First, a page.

“Sending my child to school is the only way I can ensure he doesn’t have to work as hard as I do; it is the only way out for my family. But I cannot speak English, so how am I going to make sure that he succeeds in school?”
This is one of the many stories that can be heard in Yakima Valley, Washington. Yakima, located in eastern Washington and known for its lively agricultural communities and large production of hops, is also home to a large and vibrant Latino community that makes up approximately 40 percent of the population.
While public education is confusing and complicated for a lot of people, navigating the system turns out to be particularly challenging for Yakima’s Latino community, as many parents only speak Spanish and work long hours in the fields trying to provide for their families.
Thus, it came as no surprise that when registration opened at 8:00 a.m. on Saturday, June 21, crowds of eager parents and family members queued up at the entrance of Sunnyside High School to participate in our summit and activist training, Parents Partnering in Education. The League of Education Voters partnered with Inspire Development Centers and the Sunnyside School District to offer the summit.
Parents Partnering in Education was an all-day event that covered topics ranging from the basics of advocacy to how to best support children with special needs. By the end of the day, parents had the opportunity to attend 17 different workshops and presentations.
The children who accompanied their parents were also well taken care of. Childcare was provided in classrooms around the school in the form of an exciting day filled with arts and crafts and other fun activities, and complete with instructional sessions from trained teaching staff.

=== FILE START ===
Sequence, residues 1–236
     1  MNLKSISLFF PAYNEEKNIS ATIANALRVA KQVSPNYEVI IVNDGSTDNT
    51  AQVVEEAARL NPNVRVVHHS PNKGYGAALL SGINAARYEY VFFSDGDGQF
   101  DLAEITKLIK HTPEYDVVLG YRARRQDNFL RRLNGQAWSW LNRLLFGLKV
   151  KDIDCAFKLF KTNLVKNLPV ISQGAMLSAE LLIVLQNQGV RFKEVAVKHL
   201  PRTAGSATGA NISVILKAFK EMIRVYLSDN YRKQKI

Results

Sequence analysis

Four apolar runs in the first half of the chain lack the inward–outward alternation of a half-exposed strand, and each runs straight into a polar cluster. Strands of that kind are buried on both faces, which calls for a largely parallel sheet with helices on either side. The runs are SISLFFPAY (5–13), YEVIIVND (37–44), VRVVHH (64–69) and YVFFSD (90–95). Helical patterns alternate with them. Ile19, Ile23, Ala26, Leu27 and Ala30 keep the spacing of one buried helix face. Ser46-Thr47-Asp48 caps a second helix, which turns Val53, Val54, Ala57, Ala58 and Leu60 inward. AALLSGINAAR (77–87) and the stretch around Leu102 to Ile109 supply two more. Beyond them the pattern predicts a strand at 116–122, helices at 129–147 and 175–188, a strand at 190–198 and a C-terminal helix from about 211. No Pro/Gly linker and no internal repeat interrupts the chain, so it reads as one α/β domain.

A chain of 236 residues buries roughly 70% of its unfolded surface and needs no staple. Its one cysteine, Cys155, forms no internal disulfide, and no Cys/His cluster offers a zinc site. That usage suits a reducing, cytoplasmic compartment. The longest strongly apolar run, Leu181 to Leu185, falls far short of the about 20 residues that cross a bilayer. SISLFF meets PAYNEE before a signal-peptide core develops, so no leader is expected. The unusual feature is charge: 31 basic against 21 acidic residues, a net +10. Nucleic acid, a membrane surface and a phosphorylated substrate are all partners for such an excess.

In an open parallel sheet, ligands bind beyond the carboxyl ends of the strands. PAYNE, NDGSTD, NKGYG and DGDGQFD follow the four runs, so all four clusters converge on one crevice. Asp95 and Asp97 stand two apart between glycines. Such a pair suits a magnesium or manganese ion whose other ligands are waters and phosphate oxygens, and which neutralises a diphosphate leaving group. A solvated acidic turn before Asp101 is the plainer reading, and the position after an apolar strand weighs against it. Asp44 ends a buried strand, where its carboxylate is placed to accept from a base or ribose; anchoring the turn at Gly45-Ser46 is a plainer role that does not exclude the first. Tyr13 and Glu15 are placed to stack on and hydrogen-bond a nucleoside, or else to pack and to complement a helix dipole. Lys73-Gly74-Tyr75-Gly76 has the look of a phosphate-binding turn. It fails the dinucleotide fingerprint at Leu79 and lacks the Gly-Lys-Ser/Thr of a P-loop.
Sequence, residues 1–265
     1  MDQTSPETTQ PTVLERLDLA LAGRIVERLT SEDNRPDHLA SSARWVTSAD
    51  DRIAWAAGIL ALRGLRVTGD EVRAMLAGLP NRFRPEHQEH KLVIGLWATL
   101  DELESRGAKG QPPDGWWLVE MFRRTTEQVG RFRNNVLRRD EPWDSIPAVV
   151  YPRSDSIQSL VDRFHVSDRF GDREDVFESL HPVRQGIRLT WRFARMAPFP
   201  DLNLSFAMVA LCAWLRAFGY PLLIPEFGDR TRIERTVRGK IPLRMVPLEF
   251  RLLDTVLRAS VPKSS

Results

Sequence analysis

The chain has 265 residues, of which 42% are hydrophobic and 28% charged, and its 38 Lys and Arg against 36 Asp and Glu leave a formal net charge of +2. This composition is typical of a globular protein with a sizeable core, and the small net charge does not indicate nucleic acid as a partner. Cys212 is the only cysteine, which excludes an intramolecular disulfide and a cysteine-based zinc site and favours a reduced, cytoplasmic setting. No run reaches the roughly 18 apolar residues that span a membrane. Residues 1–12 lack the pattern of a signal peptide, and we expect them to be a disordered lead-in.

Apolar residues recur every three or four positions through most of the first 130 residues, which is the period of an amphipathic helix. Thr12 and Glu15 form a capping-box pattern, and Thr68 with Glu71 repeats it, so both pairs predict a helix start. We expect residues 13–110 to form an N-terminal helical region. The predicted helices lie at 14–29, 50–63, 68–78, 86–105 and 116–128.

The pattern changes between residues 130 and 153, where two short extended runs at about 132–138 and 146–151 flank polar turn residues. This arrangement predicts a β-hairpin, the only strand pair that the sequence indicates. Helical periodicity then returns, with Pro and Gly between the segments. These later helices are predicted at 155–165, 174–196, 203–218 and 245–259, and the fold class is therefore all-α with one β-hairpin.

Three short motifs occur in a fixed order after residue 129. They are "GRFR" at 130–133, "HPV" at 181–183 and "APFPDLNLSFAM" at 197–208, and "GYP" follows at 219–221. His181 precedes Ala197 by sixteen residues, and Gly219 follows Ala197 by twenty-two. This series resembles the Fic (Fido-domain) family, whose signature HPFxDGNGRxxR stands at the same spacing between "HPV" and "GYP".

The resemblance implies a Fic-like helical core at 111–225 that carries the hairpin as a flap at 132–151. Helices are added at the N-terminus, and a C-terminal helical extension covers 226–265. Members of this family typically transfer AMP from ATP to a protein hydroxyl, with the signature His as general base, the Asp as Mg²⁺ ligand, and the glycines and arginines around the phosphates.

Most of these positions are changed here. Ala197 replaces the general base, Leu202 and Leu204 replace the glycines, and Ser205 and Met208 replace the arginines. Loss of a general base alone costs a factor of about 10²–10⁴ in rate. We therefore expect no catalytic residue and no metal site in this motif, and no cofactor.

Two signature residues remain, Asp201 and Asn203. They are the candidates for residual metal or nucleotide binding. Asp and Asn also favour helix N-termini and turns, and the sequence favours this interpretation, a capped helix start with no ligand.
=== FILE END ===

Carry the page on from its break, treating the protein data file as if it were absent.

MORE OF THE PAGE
About halfway through the day’s activities, participants were invited to a special presentation by guest speaker Bernardo Ruiz, Seattle Public Schools’ School Family Partnerships and Race and Equity Director, and the League of Education Voters’ Community Organizer, Micaela Razo. The presentation was a combined effort to empower parents to take “ACCION!”
Bernardo told the story of his struggles as a child to achieve academic stability. He attributes his success to the hard work and determination of his mother—who herself had little education—to see him succeed. This was not an easy task but during this time Bernardo says he developed a habit for trading schools and people—from those who told him that he could not to those who told him he could.
Bernardo’s message resonated throughout the day. Fighting for equitable access to a good education will not be easy and parents, families, and students will face obstacles. However, by continuing to take action and by surrounding yourself with people who believe in you and who are fighting for the same thing, you can be heard and instigate change.
And starting on June 21, 200+ families found their voice and are ready to be heard.
Raymond Fenton is the League of Education Voters’ Field Organizing Intern this summer. He is studying rhetoric and media studies and theater at Lewis & Clark College in Portland, Oregon. He has a passion for social justice and is a vibrant race and ethnicity advocate and student government leader on his college campus.